My Public Apology

I have to make a public apology to a couple of friends.  My last post, which I’ve since removed, was not meant to out anyone, defame, or humiliate.  I don’t mean to sound like the Godfather, but it wasn’t personal, it was business.  

I did not ask for permission to post or quote conversations from Facebook into my blog, and my friends felt like a trust had been broken and betrayed.  

I can get shortsighted in the heat of debating ideas.  And though I am pretty good at separating the differences in ideas or values from the friendships I’ve formed, I can easily step over the line and hurt feelings when there was no malicious intent.

That’s no excuse for betraying a friend.  And for that, I am deeply sorry.  I don’t want you to regret sharing your ideas with me or challenging me.  I have much to learn from all of you, so please forgive my lack of social graces.  I will try to share the passion I have for Liberty and my Faith without slamming those that are closest to me going forward.

 

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3 responses to “My Public Apology

  1. I am at a place where I’ve come to accept that anything posted online is there for public consumption. If these individuals posted something on Facebook, it’s a bit naive to think their words won’t or can’t be used elsewhere. Having said that, I think it very gracious that you set aside your freedom of speech/commentary and removed the post in the interest of friendship. Sometimes we must choose the relationship over the satisfaction of being “right”.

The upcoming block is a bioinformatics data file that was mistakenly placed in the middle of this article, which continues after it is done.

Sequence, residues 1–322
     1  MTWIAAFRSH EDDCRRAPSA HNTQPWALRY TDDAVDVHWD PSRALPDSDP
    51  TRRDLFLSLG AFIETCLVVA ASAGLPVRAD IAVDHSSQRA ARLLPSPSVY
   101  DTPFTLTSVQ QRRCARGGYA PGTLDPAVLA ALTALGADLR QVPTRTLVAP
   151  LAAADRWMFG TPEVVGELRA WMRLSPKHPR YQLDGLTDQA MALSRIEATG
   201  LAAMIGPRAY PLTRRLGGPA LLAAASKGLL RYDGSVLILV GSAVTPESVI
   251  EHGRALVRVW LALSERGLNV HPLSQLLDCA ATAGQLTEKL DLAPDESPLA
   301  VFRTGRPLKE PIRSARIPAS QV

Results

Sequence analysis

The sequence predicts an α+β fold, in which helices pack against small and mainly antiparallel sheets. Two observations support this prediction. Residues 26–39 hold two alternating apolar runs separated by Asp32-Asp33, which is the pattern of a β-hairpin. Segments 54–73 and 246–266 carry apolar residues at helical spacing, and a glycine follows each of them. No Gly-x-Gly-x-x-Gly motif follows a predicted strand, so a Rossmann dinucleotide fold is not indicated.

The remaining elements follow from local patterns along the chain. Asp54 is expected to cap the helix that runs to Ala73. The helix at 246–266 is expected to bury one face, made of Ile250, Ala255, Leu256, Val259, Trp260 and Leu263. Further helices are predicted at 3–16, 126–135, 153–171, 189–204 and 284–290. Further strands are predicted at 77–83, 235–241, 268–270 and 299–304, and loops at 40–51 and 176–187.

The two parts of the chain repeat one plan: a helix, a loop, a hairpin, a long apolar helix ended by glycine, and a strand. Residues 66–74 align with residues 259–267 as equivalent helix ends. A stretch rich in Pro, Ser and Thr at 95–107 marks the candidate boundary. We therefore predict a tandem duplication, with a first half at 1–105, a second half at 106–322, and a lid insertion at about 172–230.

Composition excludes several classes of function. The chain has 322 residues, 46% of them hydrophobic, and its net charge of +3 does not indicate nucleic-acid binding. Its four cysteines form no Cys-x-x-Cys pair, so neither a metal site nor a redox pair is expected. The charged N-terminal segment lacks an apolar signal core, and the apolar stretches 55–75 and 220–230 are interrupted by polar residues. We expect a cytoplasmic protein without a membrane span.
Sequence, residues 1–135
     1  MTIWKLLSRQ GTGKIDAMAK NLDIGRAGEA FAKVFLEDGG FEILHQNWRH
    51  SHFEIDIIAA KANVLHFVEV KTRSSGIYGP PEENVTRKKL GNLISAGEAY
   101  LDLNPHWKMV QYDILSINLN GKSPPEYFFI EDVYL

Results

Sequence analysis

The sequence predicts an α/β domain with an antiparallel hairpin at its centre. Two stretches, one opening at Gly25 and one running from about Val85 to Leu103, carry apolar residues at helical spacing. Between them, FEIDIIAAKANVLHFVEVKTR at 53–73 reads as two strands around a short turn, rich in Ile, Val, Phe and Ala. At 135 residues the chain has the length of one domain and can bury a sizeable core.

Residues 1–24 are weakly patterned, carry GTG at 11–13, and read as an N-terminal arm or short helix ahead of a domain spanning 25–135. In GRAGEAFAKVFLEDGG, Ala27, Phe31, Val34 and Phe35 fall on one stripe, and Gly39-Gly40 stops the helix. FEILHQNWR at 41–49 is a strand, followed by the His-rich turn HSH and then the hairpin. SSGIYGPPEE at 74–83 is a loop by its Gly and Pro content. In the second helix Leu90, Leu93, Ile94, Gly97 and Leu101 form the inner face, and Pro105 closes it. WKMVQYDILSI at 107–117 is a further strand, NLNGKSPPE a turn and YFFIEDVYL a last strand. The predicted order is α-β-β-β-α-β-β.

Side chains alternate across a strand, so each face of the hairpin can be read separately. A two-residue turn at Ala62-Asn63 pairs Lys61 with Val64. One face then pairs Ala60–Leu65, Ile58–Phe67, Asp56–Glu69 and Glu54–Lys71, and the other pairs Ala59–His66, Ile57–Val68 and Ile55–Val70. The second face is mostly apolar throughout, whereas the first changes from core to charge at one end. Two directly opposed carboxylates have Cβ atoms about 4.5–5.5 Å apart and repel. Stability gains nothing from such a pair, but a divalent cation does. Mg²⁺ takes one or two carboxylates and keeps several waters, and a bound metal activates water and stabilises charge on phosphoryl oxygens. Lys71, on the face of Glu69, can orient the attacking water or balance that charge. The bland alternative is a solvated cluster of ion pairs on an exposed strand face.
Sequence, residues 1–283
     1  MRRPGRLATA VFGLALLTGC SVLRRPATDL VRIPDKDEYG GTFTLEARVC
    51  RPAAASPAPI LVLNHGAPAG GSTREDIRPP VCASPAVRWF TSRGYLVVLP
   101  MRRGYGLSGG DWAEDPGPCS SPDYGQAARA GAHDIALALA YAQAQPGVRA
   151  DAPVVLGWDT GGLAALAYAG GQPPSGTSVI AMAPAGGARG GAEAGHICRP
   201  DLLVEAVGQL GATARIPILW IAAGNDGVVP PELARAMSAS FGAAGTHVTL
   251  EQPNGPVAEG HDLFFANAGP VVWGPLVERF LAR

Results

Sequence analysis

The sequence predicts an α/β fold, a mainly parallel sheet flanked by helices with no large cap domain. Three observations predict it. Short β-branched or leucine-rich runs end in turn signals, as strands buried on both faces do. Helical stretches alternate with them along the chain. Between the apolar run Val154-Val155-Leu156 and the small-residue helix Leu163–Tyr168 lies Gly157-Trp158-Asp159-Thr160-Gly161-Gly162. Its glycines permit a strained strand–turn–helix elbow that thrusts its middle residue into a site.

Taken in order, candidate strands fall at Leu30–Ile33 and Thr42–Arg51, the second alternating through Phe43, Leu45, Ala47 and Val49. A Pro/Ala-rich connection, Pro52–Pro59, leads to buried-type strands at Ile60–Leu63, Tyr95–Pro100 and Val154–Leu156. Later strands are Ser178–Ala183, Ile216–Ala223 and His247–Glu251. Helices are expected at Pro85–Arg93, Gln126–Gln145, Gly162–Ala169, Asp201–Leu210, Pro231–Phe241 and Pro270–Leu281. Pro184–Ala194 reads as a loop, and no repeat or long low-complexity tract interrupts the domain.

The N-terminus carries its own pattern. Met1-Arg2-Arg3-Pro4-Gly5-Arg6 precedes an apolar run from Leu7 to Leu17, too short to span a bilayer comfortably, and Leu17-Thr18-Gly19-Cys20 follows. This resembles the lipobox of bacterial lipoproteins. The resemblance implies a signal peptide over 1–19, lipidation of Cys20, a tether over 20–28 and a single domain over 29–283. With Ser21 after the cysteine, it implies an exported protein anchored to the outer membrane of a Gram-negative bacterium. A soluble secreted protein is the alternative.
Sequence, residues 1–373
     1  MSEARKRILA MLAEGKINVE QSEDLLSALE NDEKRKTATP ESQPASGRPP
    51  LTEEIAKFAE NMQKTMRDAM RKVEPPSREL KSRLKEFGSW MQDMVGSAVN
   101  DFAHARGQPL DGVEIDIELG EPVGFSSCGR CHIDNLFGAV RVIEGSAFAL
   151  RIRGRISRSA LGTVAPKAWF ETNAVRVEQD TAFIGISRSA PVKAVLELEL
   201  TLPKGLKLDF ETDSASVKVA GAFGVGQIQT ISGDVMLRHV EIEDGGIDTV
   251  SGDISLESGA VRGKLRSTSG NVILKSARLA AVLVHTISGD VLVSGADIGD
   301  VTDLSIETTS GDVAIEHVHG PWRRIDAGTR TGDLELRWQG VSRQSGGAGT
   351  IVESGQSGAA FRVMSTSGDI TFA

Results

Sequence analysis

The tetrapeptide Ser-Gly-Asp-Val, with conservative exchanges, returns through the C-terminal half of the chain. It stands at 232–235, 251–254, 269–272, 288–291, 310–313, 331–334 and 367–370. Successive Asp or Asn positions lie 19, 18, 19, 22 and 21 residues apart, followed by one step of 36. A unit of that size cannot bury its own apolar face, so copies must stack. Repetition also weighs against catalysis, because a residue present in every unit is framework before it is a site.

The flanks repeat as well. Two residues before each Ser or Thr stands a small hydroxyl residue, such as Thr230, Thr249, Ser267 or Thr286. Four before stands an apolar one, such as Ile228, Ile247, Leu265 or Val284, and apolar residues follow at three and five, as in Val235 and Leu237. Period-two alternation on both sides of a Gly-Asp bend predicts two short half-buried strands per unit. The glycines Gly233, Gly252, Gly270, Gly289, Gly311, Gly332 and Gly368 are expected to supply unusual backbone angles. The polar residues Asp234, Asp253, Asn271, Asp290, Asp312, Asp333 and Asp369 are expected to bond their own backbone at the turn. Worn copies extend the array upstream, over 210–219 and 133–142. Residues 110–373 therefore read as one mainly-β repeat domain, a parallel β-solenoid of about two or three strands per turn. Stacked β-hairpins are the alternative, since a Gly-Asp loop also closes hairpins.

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  2. I appreciate your integrity, Tim. That said, Facebook is not exactly a private conversation in most cases. I have thought about cutting-and-pasting some of the thoughts expressed on your Facebook comments for my own blog, as there is little to no expectation of privacy in such comments. Given your thoughts expressed above, though, I will ask before transporting such commentary elsewhere on the Web.

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  3. 1 Corinthians 13
    If I speak with the tongues of men and of angels, but do not have love, I have become a noisy gong or a clanging cymbal. 2 If I have the gift of prophecy, and know all mysteries and all knowledge; and if I have all faith, so as to remove mountains, but do not have love, I am nothing. 3 And if I give all my possessions to feed the poor, and if I surrender my body to be burned, but do not have love, it profits me nothing.

    https://www.biblegateway.com/passage/?search=1+Corinthians+13&version=NASB

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